Valley Grove is about more than a place where historic churches stand next to a cemetery. It is a gathering spot for those who are celebrating, those who are grieving, those who are remembering and, on this afternoon of a Country Social, a place of connecting with community.

Please check back for more photos from the Valley Grove Country Social. And click here to read my first post from the event, a personal piece about a young man named Bjorn.

© Copyright 2022 Audrey Kletscher Helbling

 

Wood-fired pizza from “where the hills sing & the trees clap” August 13, 2022

On a perfect summer evening, a crowd gathers for music, pizza and conversation at Christ Lutheran Church. (Minnesota Prairie Roots copyrighted photo August 2022)

AS OLD COUNTRY BROTHERS belted out popular songs from The Eagles, Johnny Cash, Johnny Horton and many others, volunteers across the backyard of Christ Lutheran Church created, baked and delivered homemade wood-fired pizzas to an appreciative crowd. Randy and I were among those attending the last of the summer Holy Smoke concert series and pizza nights Wednesday at the church on the hill on Faribault’s east side.

The roadside sign posted along Minnesota State Highway 60 by the driveway into Christ Lutheran. (Minnesota Prairie Roots copyrighted photo August 2022)

Old Country Brothers Gregg and Jeff Sartor perform on August 10. (Minnesota Prairie Roots copyrighted photo August 2022)

Smoked brisket pizza. (Minnesota Prairie Roots copyrighted photo August 2022)

In its sixth year, Holy Smoke is about more than excellent thin crust pizza and music. This is also about a coming together of community on a perfect August evening in southeastern Minnesota. This is also about giving back. Proceeds from the three summer gatherings benefit Big Brothers Big Sisters, Habitat for Humanity and HOPE Center.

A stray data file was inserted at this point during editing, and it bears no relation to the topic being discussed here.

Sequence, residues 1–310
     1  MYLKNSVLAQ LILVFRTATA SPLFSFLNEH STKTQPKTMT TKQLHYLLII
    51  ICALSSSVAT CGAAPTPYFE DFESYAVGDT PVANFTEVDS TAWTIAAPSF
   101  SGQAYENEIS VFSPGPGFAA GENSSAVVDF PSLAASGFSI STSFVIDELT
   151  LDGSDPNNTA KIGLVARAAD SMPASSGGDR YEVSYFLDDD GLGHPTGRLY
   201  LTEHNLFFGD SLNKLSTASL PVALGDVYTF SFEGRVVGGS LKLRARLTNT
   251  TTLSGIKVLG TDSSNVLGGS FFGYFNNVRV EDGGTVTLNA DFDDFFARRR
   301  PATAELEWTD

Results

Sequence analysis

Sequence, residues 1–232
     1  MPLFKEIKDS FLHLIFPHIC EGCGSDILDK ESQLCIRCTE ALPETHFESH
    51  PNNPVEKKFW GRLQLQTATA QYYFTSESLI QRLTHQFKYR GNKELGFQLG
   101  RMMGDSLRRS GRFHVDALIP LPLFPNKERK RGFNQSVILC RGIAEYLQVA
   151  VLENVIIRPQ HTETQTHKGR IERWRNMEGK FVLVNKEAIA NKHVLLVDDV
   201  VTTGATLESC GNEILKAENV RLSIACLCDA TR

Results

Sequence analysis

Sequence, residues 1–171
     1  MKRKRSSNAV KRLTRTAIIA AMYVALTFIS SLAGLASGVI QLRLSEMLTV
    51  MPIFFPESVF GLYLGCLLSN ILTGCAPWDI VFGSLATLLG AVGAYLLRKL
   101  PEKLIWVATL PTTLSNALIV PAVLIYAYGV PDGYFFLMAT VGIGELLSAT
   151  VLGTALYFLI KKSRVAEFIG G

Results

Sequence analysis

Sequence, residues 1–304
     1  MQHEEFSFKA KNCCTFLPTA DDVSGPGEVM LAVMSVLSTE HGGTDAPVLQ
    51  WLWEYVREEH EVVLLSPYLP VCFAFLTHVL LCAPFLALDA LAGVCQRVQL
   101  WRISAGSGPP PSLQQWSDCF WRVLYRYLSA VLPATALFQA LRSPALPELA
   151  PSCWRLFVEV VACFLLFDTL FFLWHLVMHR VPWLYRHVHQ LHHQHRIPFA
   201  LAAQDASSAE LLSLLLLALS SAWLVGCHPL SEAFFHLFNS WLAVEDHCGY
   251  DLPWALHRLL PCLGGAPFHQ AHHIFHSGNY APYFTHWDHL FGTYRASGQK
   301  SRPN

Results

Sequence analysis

A themed t-shirt sported by a volunteer who paused to visit with attendees. (Minnesota Prairie Roots copyrighted photo May 2022)

A message printed on some volunteers’ t-shirts and on a bench dedicated to Pastor Craig and Carol Breimhorst (the pastor died of COVID-19; the first death in our county) references Isaiah 55:12, fitting Scripture for this hilltop church edged by trees and a sweeping lawn descending to Minnesota State Highway 60.

The menu posted just inside the front door, ticket table to the right. (Minnesota Prairie Roots copyrighted photo August 2022)

There’s joy in that biblical reference just as there’s joy among those who make Holy Smoke happen. A ticket taker, whom I thanked, tapped her hand to her heart, showing me from whence her joy rises.

The pizza bakers at the wood-fired oven just outside the church. (Minnesota Prairie Roots copyrighted photo August 2022)

Plenty of heat here. (Minnesota Prairie Roots copyrighted photo August 2022)

An overview of the wood-fired oven system. (Minnesota Prairie Roots copyrighted photo August 2022)

I found the same enthusiasm among the crew tending the wood-fired pizza oven. The heat flaming inside to 700-plus degrees made the work station at times uncomfortably hot. But they forged on, baking pizzas.

Volunteers assemble pizzas. (Minnesota Prairie Roots copyrighted photo August 2022)

Chicken bacon ranch pizza ready for the wood-fired oven. (Minnesota Prairie Roots copyrighted photo August 2022)

Inside the fellowship hall, other volunteers layered sliced tomatoes, meat toppings, cheese and more onto rounds of dough.

The busy kitchen crew. (Minnesota Prairie Roots copyrighted photo August 2022)

In the kitchen, three women worked, two doing dishes, the third snipping chives.

When we arrived at around 5:45 pm to find the parking lot overflowing, I thought the wait would be long. It wasn’t. (Minnesota Prairie Roots copyrighted photo August 2022)

Still others rolled pizza cutters across pizzas hot from the oven, pizzas ready for more volunteers to carry to hungry customers. The wait time is short, especially if you order a quarter of a pie.

Attendees spread out across the backyard to listen to Old Country Brothers and to enjoy pizza. (Minnesota Prairie Roots copyrighted photo August 2022)

From my observations, the entire pizza-making and delivery process runs smoothly. Everywhere I saw smiles. Smiles on the faces of volunteers, beginning with the greeter who met us at the door. And smiles among those eating pizza and enjoying the music of Gregg and Jeff Sartor. I felt the joy.